Spain on Saturday authorised a ship carrying hundreds of migrants rescued off Libya to sail to its waters after Italy and Malta refused to receive them.
The Spanish coastguard "due to the refusal or lack of response from the nearest ports, has authorised (the ship's) movement to Spanish territorial waters", a government statement said, with the migrants expected to spend Christmas at sea.
Libya, France and Tunisia did not respond to a request from Spanish NGO Proactiva Open Arms to disembark the 311 men, women, children and babies, Spain said, after Italy's hard-right Interior Minister Matteo Salvini said the migrants were not welcome.
"My answer is clear: Italian ports are closed!" Mr Salvini tweeted. "For the traffickers of human beings and for those who help them, the fun is over."
The NGO said a Maltese coastguard helicopter had taken a woman and her baby born on a Libyan beach three days ago. They were among those rescued at sea by the vessel Open Arms..
The Maltese government confirmed rescuing a newborn baby boy and his mother, 23.
Proactiva Open Arms said on Friday that it had rescued more than 300 migrants from three vessels in difficulty, including men, women — some of them pregnant — children and babies.
NGO spokeswoman Laura Lanuza told AFP the boat was heading for Algeciras, near Gibraltar. Journey time will depend on the weather but should take "five to six days", she said.
The NGO's sailboat Astral is headed from Badalona near Barcelona to the Open Arms with food supplies, Lanuza said.
The NGO posted a video of some of those rescued "from a certain death at sea. If you could feel the cold in the images, it would be easier to understand the emergency. No port to disembark and Malta's refusal to give us food. This isn't Christmas."
Open Arms founder Oscar Camps tweeted back at Salvini that "your rhetoric and your message will, like everything in this life, end. But you should know that in a few decades your descendants will be ashamed of what you do and say."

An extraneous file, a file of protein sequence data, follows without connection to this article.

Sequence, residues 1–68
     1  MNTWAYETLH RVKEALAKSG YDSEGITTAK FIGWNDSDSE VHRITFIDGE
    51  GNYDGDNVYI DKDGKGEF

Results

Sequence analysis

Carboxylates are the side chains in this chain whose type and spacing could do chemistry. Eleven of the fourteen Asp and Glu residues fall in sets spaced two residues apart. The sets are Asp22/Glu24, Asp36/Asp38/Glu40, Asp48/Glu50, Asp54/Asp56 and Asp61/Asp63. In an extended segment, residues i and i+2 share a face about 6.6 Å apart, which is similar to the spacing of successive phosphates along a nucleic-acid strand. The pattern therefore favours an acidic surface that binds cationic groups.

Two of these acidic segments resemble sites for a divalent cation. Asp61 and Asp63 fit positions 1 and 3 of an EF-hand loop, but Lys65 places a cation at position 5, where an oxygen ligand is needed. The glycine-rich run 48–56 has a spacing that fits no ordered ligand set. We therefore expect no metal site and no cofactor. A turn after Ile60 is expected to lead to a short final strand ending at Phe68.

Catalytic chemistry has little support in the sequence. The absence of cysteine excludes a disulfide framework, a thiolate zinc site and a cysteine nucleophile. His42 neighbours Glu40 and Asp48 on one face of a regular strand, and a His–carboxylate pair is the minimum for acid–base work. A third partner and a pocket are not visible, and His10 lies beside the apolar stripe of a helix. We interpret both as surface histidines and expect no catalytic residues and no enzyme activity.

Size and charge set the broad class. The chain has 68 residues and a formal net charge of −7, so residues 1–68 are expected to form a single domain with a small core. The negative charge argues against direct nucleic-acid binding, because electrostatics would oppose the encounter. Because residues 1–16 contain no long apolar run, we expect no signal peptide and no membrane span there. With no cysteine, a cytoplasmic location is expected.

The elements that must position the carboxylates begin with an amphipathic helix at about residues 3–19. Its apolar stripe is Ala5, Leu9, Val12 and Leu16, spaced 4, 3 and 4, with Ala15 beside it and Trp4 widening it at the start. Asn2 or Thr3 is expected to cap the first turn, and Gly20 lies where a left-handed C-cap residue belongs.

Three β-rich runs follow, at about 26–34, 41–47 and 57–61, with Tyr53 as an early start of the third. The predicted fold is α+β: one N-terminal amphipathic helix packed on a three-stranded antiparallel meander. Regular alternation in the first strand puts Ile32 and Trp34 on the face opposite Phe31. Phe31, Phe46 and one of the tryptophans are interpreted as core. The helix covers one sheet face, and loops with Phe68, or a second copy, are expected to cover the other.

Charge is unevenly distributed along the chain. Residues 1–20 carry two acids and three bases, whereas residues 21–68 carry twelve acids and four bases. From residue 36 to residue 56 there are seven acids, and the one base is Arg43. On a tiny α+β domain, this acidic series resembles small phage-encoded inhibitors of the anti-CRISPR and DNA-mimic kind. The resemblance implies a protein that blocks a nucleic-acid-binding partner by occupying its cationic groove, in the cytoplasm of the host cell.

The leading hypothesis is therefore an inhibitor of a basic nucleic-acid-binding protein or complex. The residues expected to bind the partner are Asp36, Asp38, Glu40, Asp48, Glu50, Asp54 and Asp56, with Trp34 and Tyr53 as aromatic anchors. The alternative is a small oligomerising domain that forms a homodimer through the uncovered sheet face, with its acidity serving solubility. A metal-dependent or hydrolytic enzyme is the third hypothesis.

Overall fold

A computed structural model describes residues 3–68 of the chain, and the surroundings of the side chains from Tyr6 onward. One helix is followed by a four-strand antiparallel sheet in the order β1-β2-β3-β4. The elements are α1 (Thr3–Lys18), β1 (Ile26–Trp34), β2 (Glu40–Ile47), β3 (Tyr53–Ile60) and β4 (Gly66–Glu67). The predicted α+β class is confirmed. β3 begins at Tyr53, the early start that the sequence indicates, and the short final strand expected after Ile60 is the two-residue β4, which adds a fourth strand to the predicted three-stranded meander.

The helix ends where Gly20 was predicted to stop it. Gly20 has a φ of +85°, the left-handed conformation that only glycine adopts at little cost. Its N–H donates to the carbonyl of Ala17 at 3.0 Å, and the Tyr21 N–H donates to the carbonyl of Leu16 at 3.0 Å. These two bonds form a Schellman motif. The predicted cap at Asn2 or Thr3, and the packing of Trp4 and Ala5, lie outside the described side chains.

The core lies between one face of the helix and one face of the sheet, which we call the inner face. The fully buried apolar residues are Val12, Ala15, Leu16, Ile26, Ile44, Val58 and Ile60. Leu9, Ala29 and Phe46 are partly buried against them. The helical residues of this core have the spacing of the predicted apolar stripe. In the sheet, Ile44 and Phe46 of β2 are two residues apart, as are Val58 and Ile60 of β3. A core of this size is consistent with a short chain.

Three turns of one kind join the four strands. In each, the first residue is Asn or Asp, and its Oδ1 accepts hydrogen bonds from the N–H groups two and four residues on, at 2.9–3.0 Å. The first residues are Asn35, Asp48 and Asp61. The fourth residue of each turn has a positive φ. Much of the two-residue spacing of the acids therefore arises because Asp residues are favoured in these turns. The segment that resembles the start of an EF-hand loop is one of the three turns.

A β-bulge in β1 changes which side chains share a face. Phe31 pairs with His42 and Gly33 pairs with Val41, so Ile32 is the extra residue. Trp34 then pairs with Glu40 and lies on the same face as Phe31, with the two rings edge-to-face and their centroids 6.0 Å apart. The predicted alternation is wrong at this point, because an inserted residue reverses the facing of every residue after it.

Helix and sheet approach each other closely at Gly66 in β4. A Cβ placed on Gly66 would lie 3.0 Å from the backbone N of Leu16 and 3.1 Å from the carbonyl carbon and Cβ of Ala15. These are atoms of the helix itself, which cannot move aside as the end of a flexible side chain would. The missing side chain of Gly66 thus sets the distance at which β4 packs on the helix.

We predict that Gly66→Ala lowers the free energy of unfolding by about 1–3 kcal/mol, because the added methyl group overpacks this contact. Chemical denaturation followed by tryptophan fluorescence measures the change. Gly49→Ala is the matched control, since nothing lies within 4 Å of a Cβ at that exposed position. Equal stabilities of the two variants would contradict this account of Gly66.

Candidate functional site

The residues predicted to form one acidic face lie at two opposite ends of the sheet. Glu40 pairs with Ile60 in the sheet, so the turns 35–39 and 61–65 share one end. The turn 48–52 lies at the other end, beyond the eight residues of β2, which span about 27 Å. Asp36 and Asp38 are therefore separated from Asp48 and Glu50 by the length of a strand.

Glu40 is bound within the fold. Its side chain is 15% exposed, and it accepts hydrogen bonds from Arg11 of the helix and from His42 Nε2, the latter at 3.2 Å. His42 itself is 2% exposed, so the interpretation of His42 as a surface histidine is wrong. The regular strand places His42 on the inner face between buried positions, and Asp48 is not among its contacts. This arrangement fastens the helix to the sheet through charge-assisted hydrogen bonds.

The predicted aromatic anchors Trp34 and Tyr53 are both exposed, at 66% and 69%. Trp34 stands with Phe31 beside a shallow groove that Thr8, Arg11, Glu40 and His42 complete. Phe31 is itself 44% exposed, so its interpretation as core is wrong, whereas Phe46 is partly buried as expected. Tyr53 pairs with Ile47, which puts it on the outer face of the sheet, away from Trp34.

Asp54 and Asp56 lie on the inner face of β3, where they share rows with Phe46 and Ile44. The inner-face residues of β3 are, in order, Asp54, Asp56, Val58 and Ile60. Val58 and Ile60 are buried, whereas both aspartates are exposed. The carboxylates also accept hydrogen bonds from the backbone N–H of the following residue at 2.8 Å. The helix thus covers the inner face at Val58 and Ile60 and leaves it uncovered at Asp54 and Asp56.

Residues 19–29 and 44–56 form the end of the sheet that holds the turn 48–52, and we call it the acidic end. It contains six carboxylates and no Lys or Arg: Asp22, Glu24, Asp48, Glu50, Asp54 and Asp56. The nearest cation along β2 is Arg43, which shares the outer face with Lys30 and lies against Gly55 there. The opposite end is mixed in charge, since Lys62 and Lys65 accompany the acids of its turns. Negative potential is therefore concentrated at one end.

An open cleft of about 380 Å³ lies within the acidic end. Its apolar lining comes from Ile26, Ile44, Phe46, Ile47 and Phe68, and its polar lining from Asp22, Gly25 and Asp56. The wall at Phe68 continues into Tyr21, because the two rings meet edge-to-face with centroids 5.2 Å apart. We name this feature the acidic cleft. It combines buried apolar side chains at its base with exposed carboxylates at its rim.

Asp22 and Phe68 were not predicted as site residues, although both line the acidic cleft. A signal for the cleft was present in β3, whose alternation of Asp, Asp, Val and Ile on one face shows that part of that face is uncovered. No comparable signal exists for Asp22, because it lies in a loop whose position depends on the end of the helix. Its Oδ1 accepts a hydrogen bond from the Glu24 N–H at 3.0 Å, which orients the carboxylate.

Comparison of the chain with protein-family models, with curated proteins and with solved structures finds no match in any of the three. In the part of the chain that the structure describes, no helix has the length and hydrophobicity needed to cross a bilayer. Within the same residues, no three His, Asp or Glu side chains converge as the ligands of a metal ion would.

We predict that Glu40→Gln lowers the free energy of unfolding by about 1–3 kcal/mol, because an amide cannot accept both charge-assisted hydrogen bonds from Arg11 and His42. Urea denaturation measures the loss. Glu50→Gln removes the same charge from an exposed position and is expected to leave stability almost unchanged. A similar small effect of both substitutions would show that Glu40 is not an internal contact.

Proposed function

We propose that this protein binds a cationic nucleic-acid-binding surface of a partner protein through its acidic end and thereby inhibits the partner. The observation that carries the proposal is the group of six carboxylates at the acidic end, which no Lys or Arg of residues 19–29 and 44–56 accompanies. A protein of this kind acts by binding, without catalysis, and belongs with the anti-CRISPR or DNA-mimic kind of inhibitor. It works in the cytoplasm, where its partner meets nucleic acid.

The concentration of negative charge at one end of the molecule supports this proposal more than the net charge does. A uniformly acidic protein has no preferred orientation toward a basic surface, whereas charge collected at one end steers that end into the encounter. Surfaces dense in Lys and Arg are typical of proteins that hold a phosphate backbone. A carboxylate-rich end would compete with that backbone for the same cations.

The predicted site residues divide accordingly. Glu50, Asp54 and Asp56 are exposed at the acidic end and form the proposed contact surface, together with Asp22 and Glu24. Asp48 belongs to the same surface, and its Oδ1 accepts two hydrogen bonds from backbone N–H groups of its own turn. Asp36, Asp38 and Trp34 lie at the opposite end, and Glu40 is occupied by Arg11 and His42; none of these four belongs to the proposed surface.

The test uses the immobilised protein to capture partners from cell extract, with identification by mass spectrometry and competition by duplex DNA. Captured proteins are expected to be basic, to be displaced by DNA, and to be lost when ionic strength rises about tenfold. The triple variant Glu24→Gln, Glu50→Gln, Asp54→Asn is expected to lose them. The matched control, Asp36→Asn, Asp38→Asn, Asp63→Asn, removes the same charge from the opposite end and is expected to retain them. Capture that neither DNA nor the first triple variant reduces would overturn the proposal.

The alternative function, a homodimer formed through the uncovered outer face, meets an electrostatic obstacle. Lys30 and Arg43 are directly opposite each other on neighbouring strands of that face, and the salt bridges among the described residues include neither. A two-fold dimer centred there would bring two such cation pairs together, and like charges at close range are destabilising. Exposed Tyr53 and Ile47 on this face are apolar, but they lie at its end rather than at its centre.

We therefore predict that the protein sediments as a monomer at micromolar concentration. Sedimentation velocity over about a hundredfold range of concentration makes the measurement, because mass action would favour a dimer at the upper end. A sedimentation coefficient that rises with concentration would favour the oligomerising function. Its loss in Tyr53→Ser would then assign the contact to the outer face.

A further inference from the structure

The vessel started patrolling the Mediterranean with two other boats run by migrant aid groups off the Libyan coast in late November.
This area of the Mediterranean has been the most deadly for migrants attempting the crossing to Europe.
German NGO Sea Watch meanwhile tweeted that it had rescued another 33 migrants in difficulty, and that it was appealing for a port to be allowed to dock.
More than 1,300 migrants have perished trying to reach Italy or Malta since the beginning of the year, according to the International Organisation for Migration.
Aid groups have been sending rescue vessels into these waters despite vocal opposition from Mr Salvini.
Accusing the groups of acting as a "taxi service" for migrants, he has denied them access to Italy's ports. Malta too has been increasingly unwilling to host rescue vessels.
A United Nations report on Thursday said that migrants and refugees are subjected to "unimaginable horrors" from the moment they enter Libya, headed for the Mediterranean and Europe.
"There is a local and international failure to handle this hidden human calamity that continues to take place in Libya," said Ghassan Salame, the head of the UN mission in Libya.
The climate of lawlessness in Libya provides fertile ground for illicit activities, leaving migrants and refugees "at the mercy of countless predators who view them as commodities to be exploited and extorted", the report said.
The overwhelming majority of women and older teenage girls report having been gang raped by smugglers or traffickers, the report said.
"Across Libya, unidentified bodies of migrants and refugees bearing gunshot wounds, torture marks and burns are frequently uncovered in rubbish bins, dry river beds, farms and the desert," it said.